Document Type

Conference Proceeding

Event Date

10-21-2016

Description

The Bureau of Land Management (BLM) administers approximately 245 million acres of our public lands and yet, for most of our nation's history, these lands seemed largely destined to end up in private hands. Even when the Taylor Grazing Act of 1934 ushered in an important era of better managing public grazing districts and "promoting the highest use of the public lands," such use of our public lands still was plainly considered temporary, "pending its final disposal." It was not until 1976 with the passage of the Federal Land Policy and Management Act (FLPMA) that congress adopted a policy that the "public lands be retained in Federal ownership." In the 40 years since Congress enacted FLPMA, the BLM has experienced a remarkable transformation from an agency once focusing almost entirely on livestock grazing and mineral development to one that has fully embraced a multiple use mandate--including managing large tracts of public lands for conservation and even wilderness protection purposes. Many of the nation's prominent environmental or natural resources laws, within the last few years, have celebrated their 40th anniversaries, often provoking critical dialogues about their past and future. It is now time to acknowledge and celebrate the remarkable transformation of the BLM over the last 40 years since FLPMA's enactment in 1976.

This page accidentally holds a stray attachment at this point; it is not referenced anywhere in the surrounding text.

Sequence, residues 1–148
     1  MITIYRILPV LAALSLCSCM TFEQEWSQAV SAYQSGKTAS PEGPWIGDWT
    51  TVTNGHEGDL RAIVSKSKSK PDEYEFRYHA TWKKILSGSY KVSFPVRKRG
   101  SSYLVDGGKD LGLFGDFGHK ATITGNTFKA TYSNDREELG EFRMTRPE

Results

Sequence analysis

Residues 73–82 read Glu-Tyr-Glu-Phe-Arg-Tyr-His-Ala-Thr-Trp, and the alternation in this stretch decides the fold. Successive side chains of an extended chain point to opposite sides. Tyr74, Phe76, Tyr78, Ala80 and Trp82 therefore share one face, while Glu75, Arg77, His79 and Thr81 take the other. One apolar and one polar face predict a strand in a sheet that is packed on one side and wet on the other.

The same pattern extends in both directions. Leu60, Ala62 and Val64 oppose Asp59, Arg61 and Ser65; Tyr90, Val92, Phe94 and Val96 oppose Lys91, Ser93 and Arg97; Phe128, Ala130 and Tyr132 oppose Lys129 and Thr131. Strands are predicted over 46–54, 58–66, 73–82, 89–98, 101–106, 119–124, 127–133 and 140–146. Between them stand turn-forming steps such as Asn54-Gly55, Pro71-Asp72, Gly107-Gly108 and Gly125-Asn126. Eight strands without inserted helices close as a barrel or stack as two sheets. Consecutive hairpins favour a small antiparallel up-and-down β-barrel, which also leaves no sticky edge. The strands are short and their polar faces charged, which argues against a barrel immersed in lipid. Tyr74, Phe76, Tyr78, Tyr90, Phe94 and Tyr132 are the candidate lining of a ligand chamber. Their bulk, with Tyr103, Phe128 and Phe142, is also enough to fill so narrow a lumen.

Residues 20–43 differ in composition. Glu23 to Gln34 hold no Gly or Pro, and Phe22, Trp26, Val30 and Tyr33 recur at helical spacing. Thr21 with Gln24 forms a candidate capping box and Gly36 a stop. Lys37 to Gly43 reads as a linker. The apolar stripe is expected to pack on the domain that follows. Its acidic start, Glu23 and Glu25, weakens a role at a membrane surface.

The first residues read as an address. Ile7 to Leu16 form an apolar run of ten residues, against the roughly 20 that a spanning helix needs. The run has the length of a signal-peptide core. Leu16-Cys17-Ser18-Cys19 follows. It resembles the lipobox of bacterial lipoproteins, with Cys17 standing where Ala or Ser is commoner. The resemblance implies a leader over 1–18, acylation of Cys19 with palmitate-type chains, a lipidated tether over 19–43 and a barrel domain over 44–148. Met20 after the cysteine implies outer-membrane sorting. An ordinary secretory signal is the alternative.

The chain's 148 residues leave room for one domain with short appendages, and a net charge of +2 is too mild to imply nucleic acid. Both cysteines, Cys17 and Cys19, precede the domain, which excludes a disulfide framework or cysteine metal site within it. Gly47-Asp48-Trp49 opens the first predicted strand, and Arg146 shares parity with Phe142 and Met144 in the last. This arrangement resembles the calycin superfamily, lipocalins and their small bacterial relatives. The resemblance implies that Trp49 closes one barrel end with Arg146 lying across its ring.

This conference was held on Friday, October 21st, 2016 in the Wittemyer Courtroom at the University of Colorado Law School. Event sponsors included The PEW Charitable Trusts, The Wilderness Society, the University of Wyoming College of Law, the University of Denver Sturm College of Law, and Colorado Law, University of Colorado Boulder.

Moderator

Mark Squillace, Karin Sheldon, Ruth Welch, Fred Cheever, Marcilynn Burke

Alternate Title

Federal Land Management and Policy Act Turns 40